Rent Smart: The big picture

While this column usually reports on the machine-specific rental practices of our readers, it’s time to step back and look at the bigger picture. This month we’re drilling into four questions that we asked in five surveys during 2006 and 2007.*

Customer service
We asked respondents to rank which customer service items were most important to them, on a scale of one to eight. (One was “most important” and eight was “least important.”) Before we go into the top four answers in terms of importance, it’s interesting to note that “rental rates” came in fifth – a strong indication that low rates are not always an overwhelming lure.

Top of the list was convenience; respondents wanted a nearby rental dealer. Then they cited their past experience with a dealer. Excellent service equals future service. Rounding off the top four were two equipment issues – the equipment had to be ready to go and well maintained. Dead last? The brand of equipment the dealer had.

What aspects of customer service are most important to you in rental dealer? (Ranked from most important = 1, to least important = 8)
Survey T A E P Avg.
Nearby location of dealer 2.9 3.3 3.9 2.9 3.2
Past experience with dealer 3.6 3.3 3.9 3.9 3.6
Well-maintained equipment 3.3 3.3 4.5 3.8 3.7
Equipment is available immediately 3.6 3.2 4.6 4.1 3.8
Rental rates 3.6 3.4 4.3 4.6 3.9
Easy access for pickup/delivery 4.3 3.4 5.1 4.4 4.3
Prompt field service on a down machine call 4.5 3.5 4.6 4.9 4.3
Knowledgeable sales reps and counter people 4.9 3.6 5.3 5 4.7
Type of equipment carried 4.6 4 4.9 5.4 4.7
Dealer is a one-stop shop 4.9 3.7 5.4 5 4.7
Brand of equipment carried 5.5 4.4 4.9 5.8 5.1
T=Trenchers, A=Attachments, E=Excavators, P=Pumps, Avg.=Average

The perfect rental dealer
With this question we wanted to learn more about what attracted our readers to certain dealers. So we asked them, “If you could design the perfect rental dealer, would it …?”

It’s clear from their responses that they value rental purchase options, immediate replacement machines and tools, and knowledgeable sales reps and counter people. Contractors rely on the latter to know the capabilities of the equipment for rent, and what will work for their job.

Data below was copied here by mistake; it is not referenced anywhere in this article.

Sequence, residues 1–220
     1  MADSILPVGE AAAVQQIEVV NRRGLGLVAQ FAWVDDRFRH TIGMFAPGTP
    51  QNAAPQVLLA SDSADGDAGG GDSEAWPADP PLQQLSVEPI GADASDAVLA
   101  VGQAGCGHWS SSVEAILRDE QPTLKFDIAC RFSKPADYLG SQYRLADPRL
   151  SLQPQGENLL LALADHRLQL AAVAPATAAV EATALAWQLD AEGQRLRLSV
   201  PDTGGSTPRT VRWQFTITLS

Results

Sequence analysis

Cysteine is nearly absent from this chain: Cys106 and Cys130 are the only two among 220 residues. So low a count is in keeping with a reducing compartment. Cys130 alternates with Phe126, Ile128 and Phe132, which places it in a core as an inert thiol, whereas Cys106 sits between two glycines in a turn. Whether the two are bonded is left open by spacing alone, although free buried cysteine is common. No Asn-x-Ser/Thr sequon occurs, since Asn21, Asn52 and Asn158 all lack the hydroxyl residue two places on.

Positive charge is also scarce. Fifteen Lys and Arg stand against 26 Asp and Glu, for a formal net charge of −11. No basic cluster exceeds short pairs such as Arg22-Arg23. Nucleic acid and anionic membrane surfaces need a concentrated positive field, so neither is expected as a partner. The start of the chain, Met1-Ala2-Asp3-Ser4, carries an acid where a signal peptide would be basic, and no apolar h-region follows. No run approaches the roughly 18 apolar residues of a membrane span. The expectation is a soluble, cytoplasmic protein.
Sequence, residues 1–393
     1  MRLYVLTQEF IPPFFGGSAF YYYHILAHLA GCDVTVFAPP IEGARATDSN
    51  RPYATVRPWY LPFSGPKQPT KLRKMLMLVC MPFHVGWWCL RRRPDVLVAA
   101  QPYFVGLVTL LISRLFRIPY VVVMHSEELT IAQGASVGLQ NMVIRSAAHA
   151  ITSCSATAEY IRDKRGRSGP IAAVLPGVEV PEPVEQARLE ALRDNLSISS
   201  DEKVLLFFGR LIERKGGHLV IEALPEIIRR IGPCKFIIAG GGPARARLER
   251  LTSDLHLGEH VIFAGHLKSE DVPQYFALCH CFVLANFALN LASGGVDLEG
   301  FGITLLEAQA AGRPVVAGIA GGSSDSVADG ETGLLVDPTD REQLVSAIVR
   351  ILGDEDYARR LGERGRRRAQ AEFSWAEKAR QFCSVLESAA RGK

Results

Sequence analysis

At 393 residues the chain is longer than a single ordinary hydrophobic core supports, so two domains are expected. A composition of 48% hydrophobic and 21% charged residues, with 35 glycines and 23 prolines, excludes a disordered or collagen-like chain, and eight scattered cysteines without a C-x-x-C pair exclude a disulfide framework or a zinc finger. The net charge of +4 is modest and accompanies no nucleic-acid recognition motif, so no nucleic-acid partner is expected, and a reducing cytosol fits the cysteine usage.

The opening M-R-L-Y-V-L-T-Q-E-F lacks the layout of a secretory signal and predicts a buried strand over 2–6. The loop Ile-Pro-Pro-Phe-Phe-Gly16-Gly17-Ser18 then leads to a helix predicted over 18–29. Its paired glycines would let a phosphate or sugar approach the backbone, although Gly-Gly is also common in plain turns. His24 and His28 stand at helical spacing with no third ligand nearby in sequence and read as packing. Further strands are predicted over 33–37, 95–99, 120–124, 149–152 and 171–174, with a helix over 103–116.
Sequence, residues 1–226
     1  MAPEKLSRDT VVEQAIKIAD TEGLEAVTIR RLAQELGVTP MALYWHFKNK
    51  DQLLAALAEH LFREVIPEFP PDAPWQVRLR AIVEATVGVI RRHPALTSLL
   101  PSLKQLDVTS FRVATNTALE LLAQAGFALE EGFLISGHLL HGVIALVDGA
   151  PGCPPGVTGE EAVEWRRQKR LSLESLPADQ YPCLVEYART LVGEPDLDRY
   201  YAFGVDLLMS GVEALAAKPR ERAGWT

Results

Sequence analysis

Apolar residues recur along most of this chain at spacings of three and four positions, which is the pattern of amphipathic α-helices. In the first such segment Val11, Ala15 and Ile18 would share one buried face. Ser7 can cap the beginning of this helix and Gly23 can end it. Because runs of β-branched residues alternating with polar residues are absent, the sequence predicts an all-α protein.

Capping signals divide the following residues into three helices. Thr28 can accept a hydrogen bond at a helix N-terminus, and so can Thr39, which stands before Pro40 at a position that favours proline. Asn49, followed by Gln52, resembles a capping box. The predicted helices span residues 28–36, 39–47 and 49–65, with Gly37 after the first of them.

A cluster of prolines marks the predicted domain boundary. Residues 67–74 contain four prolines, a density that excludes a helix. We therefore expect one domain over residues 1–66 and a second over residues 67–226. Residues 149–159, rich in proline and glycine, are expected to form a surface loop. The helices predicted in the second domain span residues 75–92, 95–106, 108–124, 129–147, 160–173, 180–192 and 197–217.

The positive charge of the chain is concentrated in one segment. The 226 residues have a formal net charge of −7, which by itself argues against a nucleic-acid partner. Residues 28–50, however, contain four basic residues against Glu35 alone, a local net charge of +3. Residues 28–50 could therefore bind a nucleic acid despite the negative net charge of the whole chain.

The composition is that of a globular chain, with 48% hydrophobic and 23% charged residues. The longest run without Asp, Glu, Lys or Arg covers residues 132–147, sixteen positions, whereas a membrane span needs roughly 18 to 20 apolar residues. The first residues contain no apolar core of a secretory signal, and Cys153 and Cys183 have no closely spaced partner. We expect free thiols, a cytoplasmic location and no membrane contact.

Online on- and off-rental are still not high on this list, although a comparison between these numbers and responses to a survey given five years from now will likely show a sharp trend upward.

If you could design the perfect rental dealer would it . . . ?
Survey T A P C E Avg.
Offer rental purchase options 59.9 68.8 68.6 56.1 60.9 62.8
Provide faster replacement machines/tools for downed rental units 54 61.4 55.9 54.7 51.6 55.5
Hire knowledgeable sales reps/counter people 54 54 59.4 54.7 52.8 54.9
Be located closer to your jobsite 50.4 47.7 47.6 48.8 42.6 47.4
Offer equipment for sale 43.8 46 52.8 44.4 46.7 46.7
Rent a greater variety of tools/accessories 42.3 46 49.5 45.9 40.9 44.9
Stay away from your jobsite unless you called them 27 30.1 25.8 25.7 27.2 44.9
Rent more brands of equipment 23.4 22.7 19.2 25.4 18.6 21.8
Allow you to call off rent online 18.2 28.4 19.7 17.3 18.8 20.4
Allow you to place rental reservations online 16.8 27.8 16.2 19.6 17.4 19.5
Send sales reps to visit your jobsite more often to offer solutions 10.9 13.6 13.1 14 12.2 12.7
T=Trenchers, A=Attachments, P=Pumps, C=Compactors, E=Excavators, Avg.=Average

How contractors put rental in their budgets
By a significant margin, respondents tell us they budget rental in each job estimate, and manage it on a per-job basis. Still, at least one-fifth of the respondents say rental is not budgeted because it’s used on an emergency basis only. Less than 10 percent do a significant annual review of what their rental needs will be in the coming year.

How do you treat rental as a budget item?
Survey T A P C Avg.
Rental is budgeted in each job estimate and managed by each job 78.1 60.9 59 55 63.2
Rental is used on an emergency basis only and therefore not budgeted 13.1 21.1 25.3 23.2 20.6
We don’t put rental in our budget or job estimates 10.2 10.2 10 13 10.8
The amount we plan to rent is budgeted each year 1.5 7 4.8 6.5 4.9
Other 1.5 0.8 0.8 2.3 1.3
T=Trenchers, A=Attachments, P=Pumps, C=Compactors, Avg.=Average

Who has the authority to rent?
Several people have this authority (this was a multiple choice question), but it primarily rests on three people: the president or owner of the company, the project manager and the job superintendent. Equipment managers and crew foremen are also in the mix, but to a much lesser extent.

Who gives the approval in your organization to rent a machine on a job? (Multiple answers accepted)
Survey T A P C Avg.
President 62 59.7 58.5 58.8 59.7
Job superintendent 28.5 37.5 40.2 29.8 34
Project manager 37.2 31.3 32.8 30.7 33
Equipment manager 16.8 29 21.8 19.6 21.8
Crew foreman 12.4 17.6 23.6 11.7 16.3
Other 13.1 8.5 7.9 7.6 9.2
T=Trenchers, A=Attachments, P=Pumps, C=Compactors, Avg.=Average

*Editor’s Note: The following surveys were used in compiling this information: 2007 – Renting Trenchers (232 respondents); Renting Pumps (301 respondents); 2006 – Renting ride-on compactors (342 respondents); Renting attachments (239 respondents); Renting excavators and compact excavators (345 respondents). Total respondents for all five surveys: 1,459.